One of the things that I appreciate most about Arvo Pärt’s tintinnabuli compositions is the depth he extracts from such minimal materials. One of the many ways in which he does this is exemplified in this excerpt from Fratres:
The key signature is modal; rather than being in D minor this passage is in a chromatically-inflected version of its fifth mode (i.e. based on A), whose tonic is also emphasized by duration, iteration, and register. Each of the three statements consist of a departure from, and return to, an A-major triad, all underpinned by a drone (A and E) in the left-hand part. In the first measure, the G and B-flat found in the left-hand act as upper and lower neighbors (and are also harmonized above in parallel 10ths), further framing the modal tonic (A). The next two statements, each with an added two beats, are successive expansions of the first measure.
On the score below, the initial neighbor figure is bracketed in red. The second measure introduces an expansion (bracketed in black) that prolongs the initial neighbor figure. This process continues in the third measure, where another expansion is nested between the pitches of the first expansion, further prolonging the initial neighbor figure:
The following graphic is meant to represent the structure of this passage, illustrating how each statement grows outward from the center of each measure (the colors correspond to the brackets above):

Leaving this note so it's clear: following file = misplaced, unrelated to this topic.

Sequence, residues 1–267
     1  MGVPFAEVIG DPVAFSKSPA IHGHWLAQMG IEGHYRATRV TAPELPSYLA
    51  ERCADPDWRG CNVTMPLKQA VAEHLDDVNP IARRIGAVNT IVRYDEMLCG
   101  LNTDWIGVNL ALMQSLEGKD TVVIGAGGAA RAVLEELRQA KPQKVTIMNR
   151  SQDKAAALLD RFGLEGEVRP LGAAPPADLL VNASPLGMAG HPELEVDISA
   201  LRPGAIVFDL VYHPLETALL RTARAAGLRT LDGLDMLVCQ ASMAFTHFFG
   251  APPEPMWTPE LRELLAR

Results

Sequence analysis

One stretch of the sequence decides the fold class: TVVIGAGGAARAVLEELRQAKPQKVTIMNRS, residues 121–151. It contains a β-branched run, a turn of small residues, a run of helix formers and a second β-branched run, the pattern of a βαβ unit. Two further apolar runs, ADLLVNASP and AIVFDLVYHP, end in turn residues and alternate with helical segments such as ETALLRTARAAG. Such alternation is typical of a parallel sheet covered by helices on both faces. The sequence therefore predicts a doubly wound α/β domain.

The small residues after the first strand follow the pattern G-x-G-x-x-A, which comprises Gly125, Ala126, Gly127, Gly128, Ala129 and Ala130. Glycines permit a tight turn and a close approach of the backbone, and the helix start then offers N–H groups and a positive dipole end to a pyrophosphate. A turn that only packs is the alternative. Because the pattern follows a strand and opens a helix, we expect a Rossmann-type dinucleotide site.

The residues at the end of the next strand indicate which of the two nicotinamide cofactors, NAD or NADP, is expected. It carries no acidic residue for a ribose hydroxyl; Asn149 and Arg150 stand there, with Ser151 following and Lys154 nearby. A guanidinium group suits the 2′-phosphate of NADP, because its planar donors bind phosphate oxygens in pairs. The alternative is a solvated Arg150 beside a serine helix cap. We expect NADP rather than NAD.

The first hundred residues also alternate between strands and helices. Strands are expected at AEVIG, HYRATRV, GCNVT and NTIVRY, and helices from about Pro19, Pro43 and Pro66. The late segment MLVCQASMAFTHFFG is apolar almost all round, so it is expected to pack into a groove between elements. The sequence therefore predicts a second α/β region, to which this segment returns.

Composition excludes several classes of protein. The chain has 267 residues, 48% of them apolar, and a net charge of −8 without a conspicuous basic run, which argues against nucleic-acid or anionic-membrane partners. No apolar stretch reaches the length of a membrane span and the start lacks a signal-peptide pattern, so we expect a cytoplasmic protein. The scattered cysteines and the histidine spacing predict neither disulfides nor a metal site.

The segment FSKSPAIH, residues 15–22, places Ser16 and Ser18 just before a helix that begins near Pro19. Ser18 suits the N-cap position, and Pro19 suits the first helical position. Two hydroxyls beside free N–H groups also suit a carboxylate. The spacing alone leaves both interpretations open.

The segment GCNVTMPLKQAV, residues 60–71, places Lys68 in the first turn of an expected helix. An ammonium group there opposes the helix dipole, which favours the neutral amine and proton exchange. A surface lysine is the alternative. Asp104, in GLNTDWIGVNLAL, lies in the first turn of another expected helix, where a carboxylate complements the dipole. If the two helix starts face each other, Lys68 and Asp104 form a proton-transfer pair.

“This knowledge opens an entirely new world.”
I first saw the documentary 24 Preludes for a Fugue in 2003, and have watched it many times since then. Though it can get a bit dour in places Pärt describes some significant events in his life—including conflicts with the then-communist government in Estonia—all of which ultimately had an impact on his music. There is one story in particular that in comparison, seemed more like an anecdote than a parable, but whose message was no less powerful.
In short, Pärt describes a brief exchange that occurred between himself and a janitor who worked at the building where he was living. While waiting for the trolley to arrive, Pärt asked the janitor (seemingly in a rhetorical sense): “How should a composer write his music?” But the janitor paused to seriously consider the question, then replied: “I think he should love every single sound.” The response had a tremendous impact on Pärt, and he went on to say that “…this knowledge opens an entirely new world.”
It had a tremendous impact on me, too. But I don’t think aspiring to ‘love each single sound’ starts at the moment a note is played or after it’s been written down, instead it begins before both of those things occur—even if only for a split second. In other words, rather than attuning yourself to the choices you have already made, the choices arise from something to which you are already attuned‚ something that prevails beneath the music itself. If this is true then, it suggests that there is always something deeper, more fundamental to apprehend—an essence for every surface.
But, as Pärt added, to reach that understanding is “…a secret which requires much work.”